Bloggers' Club

  • If you write well in English and have strong opinions please CLICK HERE to blog at Up Station Mountain Club.

Search this Site

June 2023

Sun Mon Tue Wed Thu Fri Sat
        1 2 3
4 5 6 7 8 9 10
11 12 13 14 15 16 17
18 19 20 21 22 23 24
25 26 27 28 29 30  

Jimbi Media Sites

  • AFRICAphonie
    AFRICAphonie is a Pan African Association which operates on the premise that AFRICA can only be what AFRICANS and their friends want AFRICA to be.
  • Jacob Nguni
    Virtuoso guitarist, writer and humorist. Former lead guitarist of Rocafil, led by Prince Nico Mbarga.
  • Postwatch Magazine
    A UMI (United Media Incorporated) publication. Specializing in well researched investigative reports, it focuses on the Cameroonian scene, particular issues of interest to the former British Southern Cameroons.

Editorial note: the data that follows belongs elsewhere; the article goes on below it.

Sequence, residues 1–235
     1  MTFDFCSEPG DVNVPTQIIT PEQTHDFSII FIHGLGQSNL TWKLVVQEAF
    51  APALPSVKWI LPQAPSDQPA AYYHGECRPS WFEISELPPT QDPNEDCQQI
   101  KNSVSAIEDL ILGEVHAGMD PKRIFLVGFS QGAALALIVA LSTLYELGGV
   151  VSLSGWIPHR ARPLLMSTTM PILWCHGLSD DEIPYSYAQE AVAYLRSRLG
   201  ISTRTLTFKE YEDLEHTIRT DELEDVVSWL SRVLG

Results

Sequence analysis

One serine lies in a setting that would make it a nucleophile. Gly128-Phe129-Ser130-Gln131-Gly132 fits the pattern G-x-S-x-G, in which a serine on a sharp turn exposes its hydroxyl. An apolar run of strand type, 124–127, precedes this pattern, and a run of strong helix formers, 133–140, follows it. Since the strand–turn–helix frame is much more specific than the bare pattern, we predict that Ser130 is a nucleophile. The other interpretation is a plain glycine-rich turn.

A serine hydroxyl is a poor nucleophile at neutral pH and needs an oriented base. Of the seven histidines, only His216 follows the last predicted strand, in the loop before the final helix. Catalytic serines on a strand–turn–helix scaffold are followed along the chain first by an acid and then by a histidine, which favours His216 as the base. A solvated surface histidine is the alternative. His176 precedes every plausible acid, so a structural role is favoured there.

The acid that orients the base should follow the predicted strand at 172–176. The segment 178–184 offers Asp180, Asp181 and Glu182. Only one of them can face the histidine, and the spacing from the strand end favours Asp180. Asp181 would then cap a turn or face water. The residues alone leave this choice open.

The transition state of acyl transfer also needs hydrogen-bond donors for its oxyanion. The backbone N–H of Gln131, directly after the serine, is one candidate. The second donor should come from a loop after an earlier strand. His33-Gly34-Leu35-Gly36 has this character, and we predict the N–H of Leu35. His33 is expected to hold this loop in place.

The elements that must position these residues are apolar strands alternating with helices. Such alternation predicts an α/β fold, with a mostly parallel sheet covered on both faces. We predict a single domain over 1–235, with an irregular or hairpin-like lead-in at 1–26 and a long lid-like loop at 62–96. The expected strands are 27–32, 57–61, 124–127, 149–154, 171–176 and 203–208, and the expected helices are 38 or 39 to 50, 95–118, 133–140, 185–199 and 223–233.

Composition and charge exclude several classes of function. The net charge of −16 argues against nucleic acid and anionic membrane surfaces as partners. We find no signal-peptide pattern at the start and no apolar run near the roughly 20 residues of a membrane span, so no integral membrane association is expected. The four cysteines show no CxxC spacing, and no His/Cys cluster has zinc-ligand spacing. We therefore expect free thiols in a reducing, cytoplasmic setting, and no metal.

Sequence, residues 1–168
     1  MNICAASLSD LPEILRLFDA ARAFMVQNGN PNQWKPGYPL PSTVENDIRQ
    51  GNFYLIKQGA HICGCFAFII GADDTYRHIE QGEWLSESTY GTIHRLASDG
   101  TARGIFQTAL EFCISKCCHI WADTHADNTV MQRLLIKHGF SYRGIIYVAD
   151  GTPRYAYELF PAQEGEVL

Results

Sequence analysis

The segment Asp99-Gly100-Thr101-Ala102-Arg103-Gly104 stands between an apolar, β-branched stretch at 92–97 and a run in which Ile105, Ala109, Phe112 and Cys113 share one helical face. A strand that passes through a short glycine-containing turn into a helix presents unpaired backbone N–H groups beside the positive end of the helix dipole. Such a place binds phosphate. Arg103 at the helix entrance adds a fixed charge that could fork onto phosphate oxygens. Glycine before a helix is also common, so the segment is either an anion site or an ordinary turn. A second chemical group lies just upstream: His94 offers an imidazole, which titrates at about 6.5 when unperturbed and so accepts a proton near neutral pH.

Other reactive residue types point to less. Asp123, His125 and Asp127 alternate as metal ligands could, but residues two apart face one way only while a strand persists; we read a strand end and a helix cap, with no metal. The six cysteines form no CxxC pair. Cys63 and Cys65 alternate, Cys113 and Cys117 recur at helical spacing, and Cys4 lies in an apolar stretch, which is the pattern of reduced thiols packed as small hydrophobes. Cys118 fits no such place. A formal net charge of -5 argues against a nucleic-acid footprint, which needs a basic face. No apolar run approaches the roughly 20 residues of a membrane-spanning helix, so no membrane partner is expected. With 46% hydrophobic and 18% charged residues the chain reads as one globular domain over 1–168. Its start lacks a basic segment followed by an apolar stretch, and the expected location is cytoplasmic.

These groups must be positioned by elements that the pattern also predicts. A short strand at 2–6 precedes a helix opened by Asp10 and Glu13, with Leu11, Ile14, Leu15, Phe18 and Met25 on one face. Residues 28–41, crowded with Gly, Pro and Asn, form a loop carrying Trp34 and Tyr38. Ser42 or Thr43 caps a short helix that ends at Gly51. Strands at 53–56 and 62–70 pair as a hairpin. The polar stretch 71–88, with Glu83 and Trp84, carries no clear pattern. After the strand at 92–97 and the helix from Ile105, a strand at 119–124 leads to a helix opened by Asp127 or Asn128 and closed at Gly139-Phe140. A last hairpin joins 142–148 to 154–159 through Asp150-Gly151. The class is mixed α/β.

• Bernard Fonlon
    Dr Bernard Fonlon was an extraordinary figure who left a large footprint in Cameroonian intellectual, social and political life.
  • George Ngwane: Public Intellectual
    George Ngwane is a prominent author, activist and intellectual.
  • PostNewsLine
    PostNewsLine is an interactive feature of 'The Post', an important newspaper published out of Buea, Cameroons.
  • France Watcher
    Purpose of this advocacy site: To aggregate all available information about French terror, exploitation and manipulation of Africa
  • Bakwerirama
    Spotlight on the Bakweri Society and Culture. The Bakweri are an indigenous African nation.
  • Simon Mol
    Cameroonian poet, writer, journalist and Human Rights activist living in Warsaw, Poland
  • Bate Besong